WHAT: The theme for this year’s NOSB Finals is “Our Changing Ocean: Science for Strong Coastal Communities.” This topic encompasses numerous scientific disciplines and encourages an increased understanding of the science needed to sustain strong coastal communities, including improving community awareness; addressing erosion and increasing coastal populations and development; restoring coastlines; protecting estuarine ecosystems and services; and improving coastal disaster projection, preparedness, and response. During the finals competition weekend, students will participate in a number of hands-on science activities, including a career mentoring event with leaders in the science field; a tour of Duke Marine Lab; and multiple field trips, including behind-the-scenes looks at the North Carolina Aquarium at Pine Knoll Shores, a shark tagging trip aboard the R/V Capricorn, and a coastal marsh cleanup at Fort Macon State Park. The top teams at the NOSB Finals will receive an all-expense paid award trip to various locations around the world to conduct scientific research with field experts.

 WHEN: April 21-24, 2016 — April 21: career event; April 22: field trips and opening ceremony; April 23-24: NOSB Finals Competition

 WHERE: Carteret Community College, 3505 Arendell Street, Morehead City, North Carolina WHY: Most high-school students do not have the opportunity to study ocean science as part of their formal coursework. To fill this void, the Consortium for Ocean Leadership, a nonprofit organization based in Washington, D.C., created the NOSB as an educational forum to encourage and support the next generation of marine scientists, policy-makers, teachers, explorers, researchers, technicians, environmental advocates, and informed citizens to be stewards of the ocean. Many past NOSB participants have pursued college degrees and careers in ocean science, helping to solve the growing environmental, economic, and security challenges facing our ocean and planet.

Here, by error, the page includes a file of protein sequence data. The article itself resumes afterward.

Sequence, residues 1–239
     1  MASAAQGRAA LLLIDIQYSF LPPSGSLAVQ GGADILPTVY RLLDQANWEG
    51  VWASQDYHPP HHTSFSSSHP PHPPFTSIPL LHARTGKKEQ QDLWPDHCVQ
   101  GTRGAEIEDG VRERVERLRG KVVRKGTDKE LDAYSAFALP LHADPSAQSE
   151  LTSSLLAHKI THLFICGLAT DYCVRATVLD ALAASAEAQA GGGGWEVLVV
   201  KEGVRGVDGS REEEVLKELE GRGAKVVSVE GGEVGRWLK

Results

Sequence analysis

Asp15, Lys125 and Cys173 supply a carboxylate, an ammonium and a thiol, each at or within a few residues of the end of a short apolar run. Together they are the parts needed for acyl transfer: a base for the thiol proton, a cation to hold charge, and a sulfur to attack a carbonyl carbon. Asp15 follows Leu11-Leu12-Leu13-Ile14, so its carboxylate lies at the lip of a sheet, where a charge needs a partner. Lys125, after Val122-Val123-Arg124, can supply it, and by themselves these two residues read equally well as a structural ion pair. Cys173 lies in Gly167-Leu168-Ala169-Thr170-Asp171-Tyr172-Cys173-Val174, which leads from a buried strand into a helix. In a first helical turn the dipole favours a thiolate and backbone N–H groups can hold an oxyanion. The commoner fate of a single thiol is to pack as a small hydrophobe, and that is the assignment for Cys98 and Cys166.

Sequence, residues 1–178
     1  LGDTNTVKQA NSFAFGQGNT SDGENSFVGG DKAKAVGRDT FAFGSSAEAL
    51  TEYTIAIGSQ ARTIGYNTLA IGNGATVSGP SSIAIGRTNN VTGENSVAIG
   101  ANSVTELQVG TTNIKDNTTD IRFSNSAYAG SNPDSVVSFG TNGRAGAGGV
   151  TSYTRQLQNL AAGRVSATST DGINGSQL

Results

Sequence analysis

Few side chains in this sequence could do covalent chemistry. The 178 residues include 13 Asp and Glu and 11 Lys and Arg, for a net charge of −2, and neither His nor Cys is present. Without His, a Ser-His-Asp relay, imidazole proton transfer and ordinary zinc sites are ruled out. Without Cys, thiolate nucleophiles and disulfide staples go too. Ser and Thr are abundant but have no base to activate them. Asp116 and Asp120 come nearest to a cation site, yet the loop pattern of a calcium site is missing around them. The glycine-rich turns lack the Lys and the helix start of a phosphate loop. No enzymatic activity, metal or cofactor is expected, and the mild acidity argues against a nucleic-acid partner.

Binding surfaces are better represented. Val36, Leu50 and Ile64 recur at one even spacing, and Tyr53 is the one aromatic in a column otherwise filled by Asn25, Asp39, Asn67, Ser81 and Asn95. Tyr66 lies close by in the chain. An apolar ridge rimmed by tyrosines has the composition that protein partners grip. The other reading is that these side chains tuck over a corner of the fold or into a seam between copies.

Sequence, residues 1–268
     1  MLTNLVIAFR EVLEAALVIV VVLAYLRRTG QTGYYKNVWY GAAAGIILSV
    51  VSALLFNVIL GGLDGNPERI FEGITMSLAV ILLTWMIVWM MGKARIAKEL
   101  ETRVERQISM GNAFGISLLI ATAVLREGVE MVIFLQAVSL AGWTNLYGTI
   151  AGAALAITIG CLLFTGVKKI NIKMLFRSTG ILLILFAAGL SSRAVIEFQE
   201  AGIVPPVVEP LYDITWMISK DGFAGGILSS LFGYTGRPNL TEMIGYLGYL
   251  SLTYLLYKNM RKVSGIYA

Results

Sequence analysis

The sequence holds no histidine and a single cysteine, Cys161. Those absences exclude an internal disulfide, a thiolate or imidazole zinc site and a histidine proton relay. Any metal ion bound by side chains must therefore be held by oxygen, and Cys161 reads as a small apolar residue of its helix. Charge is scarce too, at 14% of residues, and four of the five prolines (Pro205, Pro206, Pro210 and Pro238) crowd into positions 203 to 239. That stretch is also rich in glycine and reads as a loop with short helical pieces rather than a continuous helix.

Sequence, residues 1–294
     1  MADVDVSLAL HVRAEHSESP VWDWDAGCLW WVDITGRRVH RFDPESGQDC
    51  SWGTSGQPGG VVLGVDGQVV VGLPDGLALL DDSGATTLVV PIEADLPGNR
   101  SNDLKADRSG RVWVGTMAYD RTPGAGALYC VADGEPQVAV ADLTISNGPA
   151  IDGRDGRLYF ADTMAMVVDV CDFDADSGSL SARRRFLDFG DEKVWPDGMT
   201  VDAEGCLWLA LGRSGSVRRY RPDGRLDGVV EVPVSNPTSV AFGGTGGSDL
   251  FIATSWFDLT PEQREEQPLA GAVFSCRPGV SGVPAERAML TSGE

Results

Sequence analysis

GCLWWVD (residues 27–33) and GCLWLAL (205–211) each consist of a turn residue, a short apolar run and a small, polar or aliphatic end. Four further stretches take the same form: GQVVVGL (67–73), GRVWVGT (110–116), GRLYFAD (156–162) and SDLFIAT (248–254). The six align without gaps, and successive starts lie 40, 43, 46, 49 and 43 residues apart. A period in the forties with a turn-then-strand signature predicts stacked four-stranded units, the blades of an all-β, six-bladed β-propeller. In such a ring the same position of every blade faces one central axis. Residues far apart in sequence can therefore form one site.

Monday, April 18, 2016

State environmental agency encourages public to take part in Earth Day events

Earth Day is Friday, April 22, and there are many environmental education events to mark the occasion throughout North Carolina. A wide variety of fun, family-oriented activities are planned that incorporate music, games and outdoor recreation. These opportunities are a great way to enjoy the outdoors and discover ways to care for our environment. To help you find events in your area on Earth Day and through April, the N.C. Department of Environmental Quality’s Office of Environmental Education and Public Affairs compiles an online calendar on their website, Events can also be searched by city and zip code.